Photo - hairpin curve on Alpine Rd

Alpine Rd - one of my newest favorites

How had I missed this road? I’ve bypassed it many times on my passages to Cherokee. It’s not like I haven’t studied the area and it’s so close to home. Yet when we came through on a motorcycle ride Saturday, a road I was vaguely familiar with suddenly jumped out at me and said, “Come back and take a closer look”.

Photo - Cherokee Orchard Rd

Cherokee Orchard Road Overlook

The clue  that tipped me off  was the name – “Old Soco Road”. It suggested I was riding the “new” Soco Rd (US 19). “Old” Soco Rd was the way things used to be. Sometimes these “old” roads are gems.

It was like riding off a cliff and I had to quickly adapt to the more primitive road surface. Gliding through turn after turn I delicately parachuted through the  loose gravel and the windblown debris that had rained down on the switchbacks on this third day of roaring mountain wind. April was coming in with a bang.

Photo - Old mill

I passed this old mill again today

So began a day that took me across Great Smoky Mountains National Park and out into the wilds to the north as I clicked off road after road on my search for the best motorcycle rides. The afternoon would bring me into a violent storm navigated on what were now familiar byways through seemingly remote and isolated hidden valleys where angry streams threatened to crest their banks and wash across the pavement.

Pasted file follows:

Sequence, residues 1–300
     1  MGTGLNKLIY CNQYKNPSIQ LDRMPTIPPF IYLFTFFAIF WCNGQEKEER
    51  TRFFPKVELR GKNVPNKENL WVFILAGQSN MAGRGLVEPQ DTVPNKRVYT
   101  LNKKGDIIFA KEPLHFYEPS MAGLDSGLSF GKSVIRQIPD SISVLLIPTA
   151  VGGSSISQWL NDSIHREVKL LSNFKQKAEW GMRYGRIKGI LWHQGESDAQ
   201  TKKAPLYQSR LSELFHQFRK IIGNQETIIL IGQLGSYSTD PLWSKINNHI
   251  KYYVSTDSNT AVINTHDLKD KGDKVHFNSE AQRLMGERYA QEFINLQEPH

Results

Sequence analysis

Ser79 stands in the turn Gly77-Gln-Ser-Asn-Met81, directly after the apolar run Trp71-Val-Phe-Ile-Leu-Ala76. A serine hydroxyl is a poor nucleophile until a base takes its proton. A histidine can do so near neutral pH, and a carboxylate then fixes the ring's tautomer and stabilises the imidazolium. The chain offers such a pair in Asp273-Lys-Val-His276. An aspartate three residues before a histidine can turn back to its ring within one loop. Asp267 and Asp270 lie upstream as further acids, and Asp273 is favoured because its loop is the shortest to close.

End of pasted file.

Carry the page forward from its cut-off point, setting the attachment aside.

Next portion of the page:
Photo - Tapoco Dam

The Dam at Tapoco

Looping around the west side of Great Smoky Mountains National Park near the end of the day, I’d arrive at Deals Gap to find the motorcycle resort closed due to the lack of electricity as a wind blown forest fire raged up a flank of the park consuming the lines and felling trees in it’s path. I’d squeeze through a gap between the fire trucks parked on a back road to ride through the smoke and smolder where crews fought the flames and mended the wires.

As the day drew to an end the lightening and rains caught up to me again, followed me home bringing the fury of the storm with them, and toppled trees that would have me without power for the next few days.

I’ve lost a couple days of work and will now double-down to make it up. With each new day the grays and browns of winter give way to the soft pastel greens of emerging leaves as spring wrestles the cold grip from the old season to bring the warm blooms of the new.  The fuse is lit for the explosion of color. It’s time to point your wheels towards the high country, its ready for you.

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Wayne Busch